The IRS website says that if you have more than one IRA, you must calculate the annual RMD for each IRA separately. But you can then aggregate those RMD amounts and withdraw the total from one IRA. You don't have to take a separate RMD from each IRA. Why can't I just add up all my IRA balances and then calculate the RMD based on that total? The result should be identical. Is there an explanation, or is this just government jargon?
It generally makes no mathematical difference whether you calculate each required minimum distribution separately and then combine them, or calculate one RMD based on the total year-end balances of your individual retirement accounts. The exception is a situation in which you must use more than one actuarial table.
In general, people determine their RMD by dividing their IRA's previous year-end balance by the life expectancy factor listed in the IRS Uniform Lifetime actuarial table. But if you have an IRA on which the sole beneficiary for the entire year was a spouse more than 10 years younger than you, you must use the Joint Life table to calculate your RMD. The Joint Life table produces a smaller RMD for that IRA — an advantage lost unless you calculate a separate RMD for each account.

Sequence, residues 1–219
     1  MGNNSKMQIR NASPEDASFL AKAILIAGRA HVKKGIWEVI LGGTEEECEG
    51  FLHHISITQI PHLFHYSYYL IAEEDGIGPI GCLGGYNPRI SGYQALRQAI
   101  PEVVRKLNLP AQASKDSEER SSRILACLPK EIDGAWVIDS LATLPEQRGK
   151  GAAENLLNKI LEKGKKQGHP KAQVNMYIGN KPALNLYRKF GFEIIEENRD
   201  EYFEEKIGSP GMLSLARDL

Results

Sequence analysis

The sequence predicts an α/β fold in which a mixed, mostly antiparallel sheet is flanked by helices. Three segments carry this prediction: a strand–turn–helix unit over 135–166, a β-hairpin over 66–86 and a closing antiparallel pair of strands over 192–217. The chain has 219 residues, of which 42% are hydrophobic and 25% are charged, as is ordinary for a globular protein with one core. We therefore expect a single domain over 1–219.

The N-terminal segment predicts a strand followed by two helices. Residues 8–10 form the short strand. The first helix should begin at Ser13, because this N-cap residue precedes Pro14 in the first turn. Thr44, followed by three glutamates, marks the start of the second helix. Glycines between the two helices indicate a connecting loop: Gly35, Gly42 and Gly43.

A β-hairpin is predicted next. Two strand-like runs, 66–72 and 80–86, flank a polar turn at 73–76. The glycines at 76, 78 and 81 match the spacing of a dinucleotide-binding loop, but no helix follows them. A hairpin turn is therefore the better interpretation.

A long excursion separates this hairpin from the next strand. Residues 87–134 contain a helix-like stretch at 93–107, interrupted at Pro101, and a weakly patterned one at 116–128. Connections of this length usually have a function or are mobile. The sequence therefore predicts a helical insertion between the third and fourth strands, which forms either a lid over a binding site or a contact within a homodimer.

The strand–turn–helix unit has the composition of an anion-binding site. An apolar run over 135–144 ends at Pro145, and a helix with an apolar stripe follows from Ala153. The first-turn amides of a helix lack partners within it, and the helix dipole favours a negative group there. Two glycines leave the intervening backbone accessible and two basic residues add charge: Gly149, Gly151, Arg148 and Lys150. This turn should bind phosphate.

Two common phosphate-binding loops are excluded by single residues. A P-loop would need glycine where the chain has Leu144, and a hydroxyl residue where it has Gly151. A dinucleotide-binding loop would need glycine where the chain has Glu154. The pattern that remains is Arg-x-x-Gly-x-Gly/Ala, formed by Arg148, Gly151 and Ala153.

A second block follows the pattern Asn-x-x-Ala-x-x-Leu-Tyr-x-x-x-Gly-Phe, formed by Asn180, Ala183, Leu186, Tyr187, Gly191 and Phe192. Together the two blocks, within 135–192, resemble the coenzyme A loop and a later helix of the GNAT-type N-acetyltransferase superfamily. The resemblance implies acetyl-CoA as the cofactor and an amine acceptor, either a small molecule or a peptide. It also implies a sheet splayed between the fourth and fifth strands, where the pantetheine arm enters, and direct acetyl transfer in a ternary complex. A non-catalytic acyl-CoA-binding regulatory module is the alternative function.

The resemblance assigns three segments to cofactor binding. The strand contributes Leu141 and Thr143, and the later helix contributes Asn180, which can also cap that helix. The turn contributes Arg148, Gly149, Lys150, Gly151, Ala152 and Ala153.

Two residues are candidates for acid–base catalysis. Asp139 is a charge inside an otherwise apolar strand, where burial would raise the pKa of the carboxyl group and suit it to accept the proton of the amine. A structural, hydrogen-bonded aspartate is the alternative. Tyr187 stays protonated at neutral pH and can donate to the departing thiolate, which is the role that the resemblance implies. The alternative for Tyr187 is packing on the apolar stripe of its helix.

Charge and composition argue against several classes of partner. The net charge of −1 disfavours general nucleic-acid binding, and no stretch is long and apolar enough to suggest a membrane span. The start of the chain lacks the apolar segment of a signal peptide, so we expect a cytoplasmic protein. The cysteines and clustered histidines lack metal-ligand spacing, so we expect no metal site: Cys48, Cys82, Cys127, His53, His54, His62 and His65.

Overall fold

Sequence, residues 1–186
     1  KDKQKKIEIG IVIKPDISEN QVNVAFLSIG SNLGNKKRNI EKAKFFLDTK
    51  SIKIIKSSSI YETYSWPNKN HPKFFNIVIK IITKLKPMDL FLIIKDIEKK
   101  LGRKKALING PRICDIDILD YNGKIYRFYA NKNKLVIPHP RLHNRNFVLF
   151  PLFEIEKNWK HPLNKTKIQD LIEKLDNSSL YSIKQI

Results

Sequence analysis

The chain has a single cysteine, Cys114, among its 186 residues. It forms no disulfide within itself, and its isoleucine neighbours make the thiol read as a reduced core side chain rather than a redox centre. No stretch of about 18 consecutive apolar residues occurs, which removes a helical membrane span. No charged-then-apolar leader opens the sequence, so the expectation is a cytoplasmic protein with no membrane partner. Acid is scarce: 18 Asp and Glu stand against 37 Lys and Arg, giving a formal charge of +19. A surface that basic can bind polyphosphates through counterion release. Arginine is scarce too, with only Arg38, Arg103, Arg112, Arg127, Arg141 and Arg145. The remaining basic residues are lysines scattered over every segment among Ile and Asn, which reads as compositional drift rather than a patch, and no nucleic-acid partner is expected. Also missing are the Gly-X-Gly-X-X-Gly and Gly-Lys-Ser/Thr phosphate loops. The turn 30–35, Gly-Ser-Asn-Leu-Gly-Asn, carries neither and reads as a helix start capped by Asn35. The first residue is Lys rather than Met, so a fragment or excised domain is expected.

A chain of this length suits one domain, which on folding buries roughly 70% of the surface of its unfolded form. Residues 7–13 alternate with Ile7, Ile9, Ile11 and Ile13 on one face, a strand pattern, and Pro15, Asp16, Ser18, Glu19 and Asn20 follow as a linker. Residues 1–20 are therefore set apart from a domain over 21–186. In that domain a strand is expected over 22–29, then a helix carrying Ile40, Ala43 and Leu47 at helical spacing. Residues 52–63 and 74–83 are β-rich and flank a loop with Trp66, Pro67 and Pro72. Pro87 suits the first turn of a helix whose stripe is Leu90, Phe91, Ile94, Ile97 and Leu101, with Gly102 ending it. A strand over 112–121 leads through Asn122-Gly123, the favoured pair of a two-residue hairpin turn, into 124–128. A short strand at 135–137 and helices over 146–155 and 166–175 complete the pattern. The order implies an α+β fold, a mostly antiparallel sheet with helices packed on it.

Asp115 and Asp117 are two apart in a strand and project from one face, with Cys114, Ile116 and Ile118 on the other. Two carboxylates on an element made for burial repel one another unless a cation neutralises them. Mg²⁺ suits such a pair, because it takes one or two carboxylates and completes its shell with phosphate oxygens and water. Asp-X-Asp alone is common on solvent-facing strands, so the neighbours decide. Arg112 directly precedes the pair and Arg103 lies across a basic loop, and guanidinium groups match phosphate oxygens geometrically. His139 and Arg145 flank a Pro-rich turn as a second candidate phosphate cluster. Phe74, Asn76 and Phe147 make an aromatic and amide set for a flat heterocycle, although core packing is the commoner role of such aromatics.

The bottom line
Sometimes there’s a good reason for complicated government instructions.
Note: In my April 25 column, I wrote that a taxpayer must meet several requirements to claim a capital loss on the sale of an inherited house, including a requirement that it wasn't used for rental income before the sale. But I should have added that if the house was rented before the sale, it became business property, potentially allowing taxpayers to claim an ordinary loss (not a capital loss) when they sold it. More information: law.cornell.edu/uscode/text/26/1231
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